What’s your name, when and where was your placement, and where are you from originally?
My name is Joshua Aresty. I’m from Boston, Massachussetts in the United States. I was placed at Hojo high school in Ehime Japan from 2009 to 2011. I went with my wife Tara Trent who was stationed at Matsuyama West middle and high school in Matsuyama.
How did you find out about JET, and what led you to apply?
In Boston I worked at the MIT language learning and resource center for some years and studied Japanese as part of my work. My Japanese professors recommended the Jet Programme to me.
What did you hope to achieve on JET, and did that change during your time here?
When I went on Jet I didn’t have a very clear objective; it just seemed like too good an opportunity to pass up since my wife and I were open to going together. How many chances do you have in life to go on an adventure for years with your loved ones?
What is your lasting impression of the work you did on JET and the communities you were part of?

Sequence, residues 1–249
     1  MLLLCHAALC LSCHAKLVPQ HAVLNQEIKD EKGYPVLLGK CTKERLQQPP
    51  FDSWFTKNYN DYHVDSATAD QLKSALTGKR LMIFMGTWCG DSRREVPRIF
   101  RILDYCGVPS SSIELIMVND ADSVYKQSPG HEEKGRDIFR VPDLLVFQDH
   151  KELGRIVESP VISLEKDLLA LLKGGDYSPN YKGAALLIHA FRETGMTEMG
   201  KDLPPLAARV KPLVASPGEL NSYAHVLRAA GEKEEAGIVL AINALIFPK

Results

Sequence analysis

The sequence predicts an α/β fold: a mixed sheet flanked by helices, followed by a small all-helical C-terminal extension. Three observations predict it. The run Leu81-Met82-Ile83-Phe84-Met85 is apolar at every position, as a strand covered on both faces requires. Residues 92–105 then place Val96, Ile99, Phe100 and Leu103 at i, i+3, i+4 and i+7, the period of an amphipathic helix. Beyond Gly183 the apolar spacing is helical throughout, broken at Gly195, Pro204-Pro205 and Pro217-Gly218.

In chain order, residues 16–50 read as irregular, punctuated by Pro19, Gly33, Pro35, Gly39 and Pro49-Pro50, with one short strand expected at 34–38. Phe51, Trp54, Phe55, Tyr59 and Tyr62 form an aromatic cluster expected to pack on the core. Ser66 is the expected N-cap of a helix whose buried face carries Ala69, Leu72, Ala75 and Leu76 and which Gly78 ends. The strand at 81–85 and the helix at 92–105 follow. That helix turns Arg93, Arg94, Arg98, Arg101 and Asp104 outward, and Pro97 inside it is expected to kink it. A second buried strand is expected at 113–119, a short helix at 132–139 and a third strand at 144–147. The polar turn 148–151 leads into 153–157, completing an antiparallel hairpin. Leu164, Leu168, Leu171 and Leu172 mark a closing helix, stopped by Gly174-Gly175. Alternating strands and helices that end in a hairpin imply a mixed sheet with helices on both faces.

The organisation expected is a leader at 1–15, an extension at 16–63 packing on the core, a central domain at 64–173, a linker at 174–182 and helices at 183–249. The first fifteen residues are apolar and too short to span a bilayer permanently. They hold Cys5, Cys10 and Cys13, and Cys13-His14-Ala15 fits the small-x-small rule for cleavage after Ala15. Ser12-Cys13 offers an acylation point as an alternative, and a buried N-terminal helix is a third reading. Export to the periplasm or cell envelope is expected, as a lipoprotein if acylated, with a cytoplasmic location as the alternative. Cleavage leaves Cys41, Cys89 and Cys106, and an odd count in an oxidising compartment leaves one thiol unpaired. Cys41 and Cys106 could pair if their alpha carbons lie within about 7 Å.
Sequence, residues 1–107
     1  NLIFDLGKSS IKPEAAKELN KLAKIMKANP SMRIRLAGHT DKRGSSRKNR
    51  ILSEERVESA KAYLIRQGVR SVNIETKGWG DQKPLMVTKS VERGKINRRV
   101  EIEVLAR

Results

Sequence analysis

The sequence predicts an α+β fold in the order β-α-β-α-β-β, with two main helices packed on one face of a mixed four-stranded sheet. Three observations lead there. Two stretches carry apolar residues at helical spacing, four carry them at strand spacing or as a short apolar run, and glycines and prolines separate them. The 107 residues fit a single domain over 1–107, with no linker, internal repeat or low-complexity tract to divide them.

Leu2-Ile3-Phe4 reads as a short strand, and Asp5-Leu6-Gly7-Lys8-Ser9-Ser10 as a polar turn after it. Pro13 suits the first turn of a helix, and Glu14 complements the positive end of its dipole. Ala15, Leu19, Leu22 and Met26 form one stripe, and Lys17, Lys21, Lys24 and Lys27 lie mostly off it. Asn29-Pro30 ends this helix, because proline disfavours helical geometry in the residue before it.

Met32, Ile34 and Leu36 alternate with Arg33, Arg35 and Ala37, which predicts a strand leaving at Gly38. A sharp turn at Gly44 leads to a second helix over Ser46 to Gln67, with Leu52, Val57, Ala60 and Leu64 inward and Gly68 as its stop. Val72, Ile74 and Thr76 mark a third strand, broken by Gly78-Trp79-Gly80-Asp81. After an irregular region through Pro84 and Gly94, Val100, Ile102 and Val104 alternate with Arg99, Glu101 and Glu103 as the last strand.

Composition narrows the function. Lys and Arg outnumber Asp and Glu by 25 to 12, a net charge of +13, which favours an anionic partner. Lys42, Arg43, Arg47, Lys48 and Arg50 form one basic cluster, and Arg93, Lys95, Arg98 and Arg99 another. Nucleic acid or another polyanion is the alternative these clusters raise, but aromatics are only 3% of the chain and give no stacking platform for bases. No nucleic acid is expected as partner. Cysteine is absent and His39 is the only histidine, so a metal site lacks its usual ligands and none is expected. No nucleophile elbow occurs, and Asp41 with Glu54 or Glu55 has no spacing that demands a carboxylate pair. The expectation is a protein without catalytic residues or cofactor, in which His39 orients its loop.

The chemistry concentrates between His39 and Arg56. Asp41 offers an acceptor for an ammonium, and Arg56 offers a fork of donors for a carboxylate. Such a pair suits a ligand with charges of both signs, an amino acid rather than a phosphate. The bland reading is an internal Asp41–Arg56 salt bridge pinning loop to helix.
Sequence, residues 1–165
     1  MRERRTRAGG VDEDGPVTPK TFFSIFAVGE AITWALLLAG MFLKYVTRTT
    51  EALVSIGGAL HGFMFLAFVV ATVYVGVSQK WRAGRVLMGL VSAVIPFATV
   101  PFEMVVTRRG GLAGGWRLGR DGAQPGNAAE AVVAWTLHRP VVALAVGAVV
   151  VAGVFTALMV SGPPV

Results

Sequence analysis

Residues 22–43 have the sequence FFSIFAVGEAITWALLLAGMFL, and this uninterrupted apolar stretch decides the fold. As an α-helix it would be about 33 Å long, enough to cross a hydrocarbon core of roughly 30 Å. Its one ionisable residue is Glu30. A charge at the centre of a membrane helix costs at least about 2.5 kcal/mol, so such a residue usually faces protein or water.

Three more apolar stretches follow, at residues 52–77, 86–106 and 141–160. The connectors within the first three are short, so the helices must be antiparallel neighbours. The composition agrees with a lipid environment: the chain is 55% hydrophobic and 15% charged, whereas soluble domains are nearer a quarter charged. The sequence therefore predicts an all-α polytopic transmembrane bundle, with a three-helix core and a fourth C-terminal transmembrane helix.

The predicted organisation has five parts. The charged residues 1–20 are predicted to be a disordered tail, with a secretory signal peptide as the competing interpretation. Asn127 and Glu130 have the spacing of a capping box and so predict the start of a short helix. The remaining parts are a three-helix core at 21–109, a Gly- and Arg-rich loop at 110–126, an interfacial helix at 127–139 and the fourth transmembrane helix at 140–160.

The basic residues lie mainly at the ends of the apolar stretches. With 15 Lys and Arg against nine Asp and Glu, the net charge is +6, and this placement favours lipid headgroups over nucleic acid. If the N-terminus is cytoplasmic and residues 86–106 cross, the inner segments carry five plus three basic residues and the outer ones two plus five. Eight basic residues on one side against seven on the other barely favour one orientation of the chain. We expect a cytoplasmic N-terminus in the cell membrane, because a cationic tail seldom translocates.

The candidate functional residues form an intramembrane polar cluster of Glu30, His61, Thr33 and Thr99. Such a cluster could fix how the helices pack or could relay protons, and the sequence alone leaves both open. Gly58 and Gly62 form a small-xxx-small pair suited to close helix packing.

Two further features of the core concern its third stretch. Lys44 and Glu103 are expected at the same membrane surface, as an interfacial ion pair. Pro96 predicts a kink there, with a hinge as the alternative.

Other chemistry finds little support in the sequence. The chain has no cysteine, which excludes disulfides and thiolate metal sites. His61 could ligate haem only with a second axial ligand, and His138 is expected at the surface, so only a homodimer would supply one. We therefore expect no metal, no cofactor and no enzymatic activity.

Matsuyama became another home for me. I miss it as much as I miss my hometown in America. The Japanese countryside is a warm and peaceful place to live. My work on JET was since of the most rewarding work I have ever done because it is so different from the rest of my career.
Where did JET lead you?
JET gave me countless opportunities to practice leadership. I had the opportunity to teach, the opportunity to learn about another culture, and the opportunity to choose things to invest in with my time. I founded the Matsuyama toastmasters club, which became a legacy that will stick with me forever.
Right now, some incoming JETs have been delayed by more than a year, and are in the difficult position of choosing to indefinitely wait for Japan to open up or to give up on coming here. Do you have any comments or advice for them during this time?
Going to Japan was one of the best decisions I have ever made. It’s worth the wait, if you can still do it!
If you had been in their position, do you think you would have gone on JET if you’d been in limbo for a year?
I would like to say yes. If I had been waiting I’m not sure what I would have been thinking, since I wouldn’t have had the experience yet. Looking back, it was such a worthwhile experience that I would recommend taking the opportunity to anyone who is considering it, regardless of having waited or not.
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